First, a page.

In the future, the indecent haste with which Barack Obama sought cover under the umbrella unfurled by his Russian counterpart, Vladimir Putin, in the Syrian chemical weapons crisis will be viewed as a watershed moment when it comes to America’s waning power in that region.  In the aptly named “arc of instability,” the lands from the Chinese border to northern Africa that President George W. Bush and his neocon acolytes dreamed of thoroughly pacifying, turmoil is on the rise. Ever fewer countries, allies, or enemies, are paying attention, much less kowtowing, to the once-formidable power of the world’s last superpower.  The list of defiant figures — from Egyptian generals to Saudi princes, Iraqi Shiite leaders to Israeli politicians — is lengthening.

On This Day In History October 1

This is your morning Open Thread. Pour your favorite beverage and review the past and comment on the future.

Find the past “On This Day in History” here.

October 1 is the 274th day of the year(275th in leap years) in the Gregorian calendar. There are 91 days remaining until the end of the year.

On this day in 1946, 12 high-ranking Nazis are sentenced to death by the International War Crimes Tribunal in Nuremberg. Among those condemned to death by hanging were Joachim von Ribbentrop, Nazi minister of foreign affairs; Hermann Goering, founder of the Gestapo and chief of the German air force; and Wilhelm Frick, minister of the interior. Seven others, including Rudolf Hess, Adolf Hitler’s former deputy, were given prison sentences ranging from 10 years to life. Three others were acquitted.

The Nuremberg Trials were a series of military, held by the main victorious Allied forces of World War II, most notable for the prosecution of prominent members of the political, military, and economic leadership of the defeated Nazi Germany. The trials were held in the city of Nuremberg, Bavaria, Germany, in 1945-46, at the Palace of Justice. The first and best known of these trials was the Trial of the Major War Criminals before the International Military Tribunal (IMT), which tried 22 of the most important captured leaders of Nazi Germany. It was held from November 20, 1945 to October 1, 1946. The second set of trials of lesser war criminals was conducted under Control Council Law No. 10 at the US Nuremberg Military Tribunals (NMT); among them included the Doctors’ Trial and the Judges’ Trial.

The Main Trial

The International Military Tribunal was opened on October 18, 1945, in the Palace of Justice in Nuremberg. The first session was presided over by the Soviet judge, Nikitchenko. The prosecution entered indictments against 24 major war criminals and six criminal organizations – the leadership of the Nazi party, the Schutzstaffel (SS) and Sicherheitsdienst (SD), the Gestapo, the Sturmabteilung (SA) and the “General Staff and High Command,” comprising several categories of senior military officers.

The indictments were for:

  1. Participation in a common plan or conspiracy for the accomplishment of a crime against peace

  2. Planning, initiating and waging wars of aggression and other crimes against peace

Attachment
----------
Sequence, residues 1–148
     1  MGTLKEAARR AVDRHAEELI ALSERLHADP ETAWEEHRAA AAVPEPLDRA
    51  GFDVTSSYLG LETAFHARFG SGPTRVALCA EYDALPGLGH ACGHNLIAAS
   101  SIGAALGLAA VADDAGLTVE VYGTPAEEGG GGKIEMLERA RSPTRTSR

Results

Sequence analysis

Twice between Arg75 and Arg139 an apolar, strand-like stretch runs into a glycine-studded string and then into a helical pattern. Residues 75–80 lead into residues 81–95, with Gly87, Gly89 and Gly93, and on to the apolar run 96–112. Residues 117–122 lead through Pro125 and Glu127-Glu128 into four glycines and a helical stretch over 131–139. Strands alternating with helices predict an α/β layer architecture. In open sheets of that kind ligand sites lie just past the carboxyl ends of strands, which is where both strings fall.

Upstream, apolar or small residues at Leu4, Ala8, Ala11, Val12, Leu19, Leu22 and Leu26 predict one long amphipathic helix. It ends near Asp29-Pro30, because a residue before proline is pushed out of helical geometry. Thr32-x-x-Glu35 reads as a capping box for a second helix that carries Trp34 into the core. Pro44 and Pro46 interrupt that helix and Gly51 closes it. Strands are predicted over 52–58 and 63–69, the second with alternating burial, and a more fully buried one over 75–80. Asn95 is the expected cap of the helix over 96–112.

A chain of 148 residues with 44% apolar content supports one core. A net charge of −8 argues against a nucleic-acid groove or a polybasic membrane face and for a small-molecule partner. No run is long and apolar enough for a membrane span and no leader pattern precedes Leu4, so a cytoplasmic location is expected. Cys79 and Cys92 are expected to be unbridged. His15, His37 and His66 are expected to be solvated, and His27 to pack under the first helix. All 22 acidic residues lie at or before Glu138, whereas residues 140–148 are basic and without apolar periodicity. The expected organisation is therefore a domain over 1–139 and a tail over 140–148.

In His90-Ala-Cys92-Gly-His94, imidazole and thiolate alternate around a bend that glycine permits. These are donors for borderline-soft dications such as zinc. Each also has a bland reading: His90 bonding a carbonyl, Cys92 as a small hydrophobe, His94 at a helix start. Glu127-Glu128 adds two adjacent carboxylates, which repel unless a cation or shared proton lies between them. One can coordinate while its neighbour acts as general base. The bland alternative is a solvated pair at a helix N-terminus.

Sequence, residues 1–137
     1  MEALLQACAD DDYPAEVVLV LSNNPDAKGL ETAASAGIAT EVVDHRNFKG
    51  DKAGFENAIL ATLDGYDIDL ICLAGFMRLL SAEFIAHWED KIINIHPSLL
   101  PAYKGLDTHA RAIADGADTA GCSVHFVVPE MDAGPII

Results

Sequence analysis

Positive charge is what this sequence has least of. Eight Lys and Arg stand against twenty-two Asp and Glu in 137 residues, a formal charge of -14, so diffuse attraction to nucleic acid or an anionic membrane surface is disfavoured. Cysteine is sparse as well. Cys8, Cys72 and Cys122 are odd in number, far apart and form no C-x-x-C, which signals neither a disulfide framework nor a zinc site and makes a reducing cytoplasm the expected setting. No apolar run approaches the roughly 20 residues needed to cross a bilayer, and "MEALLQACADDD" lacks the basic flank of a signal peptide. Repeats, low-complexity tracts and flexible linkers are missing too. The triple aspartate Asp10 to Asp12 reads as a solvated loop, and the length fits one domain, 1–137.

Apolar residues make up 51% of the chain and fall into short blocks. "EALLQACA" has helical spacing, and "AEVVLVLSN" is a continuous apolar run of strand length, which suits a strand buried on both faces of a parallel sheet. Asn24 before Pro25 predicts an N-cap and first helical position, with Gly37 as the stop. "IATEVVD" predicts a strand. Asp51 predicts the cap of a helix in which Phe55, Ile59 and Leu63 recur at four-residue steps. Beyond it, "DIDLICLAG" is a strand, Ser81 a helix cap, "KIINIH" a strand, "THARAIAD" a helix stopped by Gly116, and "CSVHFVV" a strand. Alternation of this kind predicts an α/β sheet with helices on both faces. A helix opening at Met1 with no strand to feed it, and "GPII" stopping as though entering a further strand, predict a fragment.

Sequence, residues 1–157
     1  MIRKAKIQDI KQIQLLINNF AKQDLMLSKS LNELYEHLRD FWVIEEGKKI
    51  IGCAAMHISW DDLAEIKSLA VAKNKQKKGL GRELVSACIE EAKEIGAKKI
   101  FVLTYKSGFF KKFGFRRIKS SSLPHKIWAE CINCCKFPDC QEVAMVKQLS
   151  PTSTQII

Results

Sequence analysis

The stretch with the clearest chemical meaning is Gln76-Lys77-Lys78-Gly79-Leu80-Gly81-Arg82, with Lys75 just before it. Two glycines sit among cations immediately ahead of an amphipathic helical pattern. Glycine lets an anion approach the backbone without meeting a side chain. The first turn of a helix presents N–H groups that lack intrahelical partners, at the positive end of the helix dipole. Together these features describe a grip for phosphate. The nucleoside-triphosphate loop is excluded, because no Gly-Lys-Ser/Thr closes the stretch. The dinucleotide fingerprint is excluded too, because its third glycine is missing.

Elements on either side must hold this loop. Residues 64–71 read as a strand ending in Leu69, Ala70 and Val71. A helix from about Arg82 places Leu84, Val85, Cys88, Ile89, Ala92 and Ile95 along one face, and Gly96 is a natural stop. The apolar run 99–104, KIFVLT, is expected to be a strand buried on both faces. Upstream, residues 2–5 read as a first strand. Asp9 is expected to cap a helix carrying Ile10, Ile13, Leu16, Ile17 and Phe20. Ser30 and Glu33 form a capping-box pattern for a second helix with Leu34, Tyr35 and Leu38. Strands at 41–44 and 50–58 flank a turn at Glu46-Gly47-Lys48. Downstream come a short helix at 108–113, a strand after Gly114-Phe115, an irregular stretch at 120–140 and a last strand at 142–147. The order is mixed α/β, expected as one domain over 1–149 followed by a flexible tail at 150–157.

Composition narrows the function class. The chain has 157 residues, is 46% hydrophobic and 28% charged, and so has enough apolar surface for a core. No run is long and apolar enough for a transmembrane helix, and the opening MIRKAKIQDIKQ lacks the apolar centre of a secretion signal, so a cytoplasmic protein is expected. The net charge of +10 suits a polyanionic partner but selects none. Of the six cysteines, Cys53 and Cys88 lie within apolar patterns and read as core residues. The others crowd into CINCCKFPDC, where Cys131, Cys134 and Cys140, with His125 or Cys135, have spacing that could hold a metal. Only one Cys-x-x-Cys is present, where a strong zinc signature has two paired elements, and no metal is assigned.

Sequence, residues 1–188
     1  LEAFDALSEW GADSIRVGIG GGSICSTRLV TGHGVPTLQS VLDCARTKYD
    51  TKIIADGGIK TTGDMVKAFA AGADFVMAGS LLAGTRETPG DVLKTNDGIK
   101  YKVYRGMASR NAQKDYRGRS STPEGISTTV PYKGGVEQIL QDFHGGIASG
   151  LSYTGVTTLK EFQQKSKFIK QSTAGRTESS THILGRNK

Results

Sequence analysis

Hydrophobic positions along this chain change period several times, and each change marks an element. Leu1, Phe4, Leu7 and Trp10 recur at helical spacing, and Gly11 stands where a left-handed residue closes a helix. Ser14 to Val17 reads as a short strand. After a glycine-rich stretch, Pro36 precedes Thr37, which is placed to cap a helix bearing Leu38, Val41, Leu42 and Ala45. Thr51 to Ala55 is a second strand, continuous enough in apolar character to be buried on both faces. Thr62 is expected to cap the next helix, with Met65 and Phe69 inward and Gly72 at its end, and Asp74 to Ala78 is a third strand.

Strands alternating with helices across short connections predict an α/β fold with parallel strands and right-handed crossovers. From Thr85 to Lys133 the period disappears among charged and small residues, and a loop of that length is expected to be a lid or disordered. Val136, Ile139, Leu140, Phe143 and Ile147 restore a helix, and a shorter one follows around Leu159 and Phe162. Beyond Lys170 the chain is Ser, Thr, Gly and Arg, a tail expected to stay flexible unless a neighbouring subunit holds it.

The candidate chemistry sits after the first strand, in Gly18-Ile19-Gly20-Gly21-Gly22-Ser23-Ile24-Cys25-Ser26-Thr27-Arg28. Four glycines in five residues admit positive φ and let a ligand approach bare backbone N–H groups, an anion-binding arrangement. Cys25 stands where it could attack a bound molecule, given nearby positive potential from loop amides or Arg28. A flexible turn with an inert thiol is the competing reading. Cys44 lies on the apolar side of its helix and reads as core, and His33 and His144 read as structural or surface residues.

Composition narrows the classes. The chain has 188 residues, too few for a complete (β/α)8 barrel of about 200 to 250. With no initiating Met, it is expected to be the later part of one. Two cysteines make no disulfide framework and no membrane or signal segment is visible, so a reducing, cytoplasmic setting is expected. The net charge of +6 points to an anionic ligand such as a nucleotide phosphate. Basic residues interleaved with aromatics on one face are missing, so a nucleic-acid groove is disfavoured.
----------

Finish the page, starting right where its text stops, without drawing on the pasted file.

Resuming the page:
3. War crimes

  4. Crimes against humanity

Shutdown 2013

The Office of Management and Budget has released a memo telling agencies to “now execute plans for an orderly shutdown due to the absence of appropriations”

   This memorandum follows the September 17, 2013, Memorandum M-13-22, and provides an update on the potential lapse of appropriations.

   Appropriations provided under the Consolidated and Further Continuing Appropriations Act, 2013 (P.L. 113-6) expire at 11:59 pm tonight. Unfortunately, we do not have a clear indication that Congress will act in time for the President to sign a Continuing Resolution before the end of the day tomorrow, October 1, 2013. Therefore, agencies should now execute plans for an orderly shutdown due to the absence of appropriations. We urge Congress to act quickly to pass a Continuing Resolution to provide a short-term bridge that ensures sufficient time to pass a budget for the remainder of the fiscal year, and to restore the operation of critical public services and programs that will be impacted by a lapse in appropriations.

   Agencies should continue to closely monitor developments, and OMB will provide further guidance as appropriate. We greatly appreciate your cooperation and the work you and your agencies do on behalf of the American people.

The Panda Cam is off:

2013 Junior League Play-In Game: Rays @ Rangers

The year is spinning out of control.  It’s not even the end of September yet and we have playoff Baseball.

Or play-in, but who’s counting?

Tonight’s matchup is the Tampa Bay Rays at the Texas Rangers who finished with identical 91 – 71 records.  The Rays closed the season with 7 wins including 7 – 6 over the Jays Sunday.  They’ll be starting David Price (9 – 8, 3.39 ERA L) who is 1 – 2 with a 10.26 ERA at Arlington.

Team W (for steroids) will start rookie Martin Perez (10 – 5, 3.55 ERA L) who has been doing better than average down the stretch.  The question for them is whether their big bat, Nelson Cruz who is finishing up a 50 game steroid suspension.  He hasn’t played since August 4th at which time he had 27 HR and 76 RBI.  Cruz is .429 v. Price, 9 for 12 with 3 HR.

As I’ve said many times, unless you’re extremely lucky, playoff Baseball is not about who you like.  No, it’s about who you hate and in most cases who you hate less.  Perhaps it will help you decide if I tell you the inoffensive Rays are an expansion team from 1999 and have hardly had any time to develop serious rivalries.  They have 3 post season appearances, losing twice to Team W (for steroids).

Team W (for steroids) on the other hand, in addition to rampant drug abuse (Clemens, Pettite), have the misfortune of scorching your eyes with picures of W himself throwing out ceremonial first pitches and him and killer Laura sitting in the stands.

Not that magical thinking works, but I think you know what to do now.

The winner advances to face the hapless Cleveland Indians at Jacobs Field in your “normal” one game Sudden Death Wild Card on Wednestday.  Game time is 8:05 pm ET.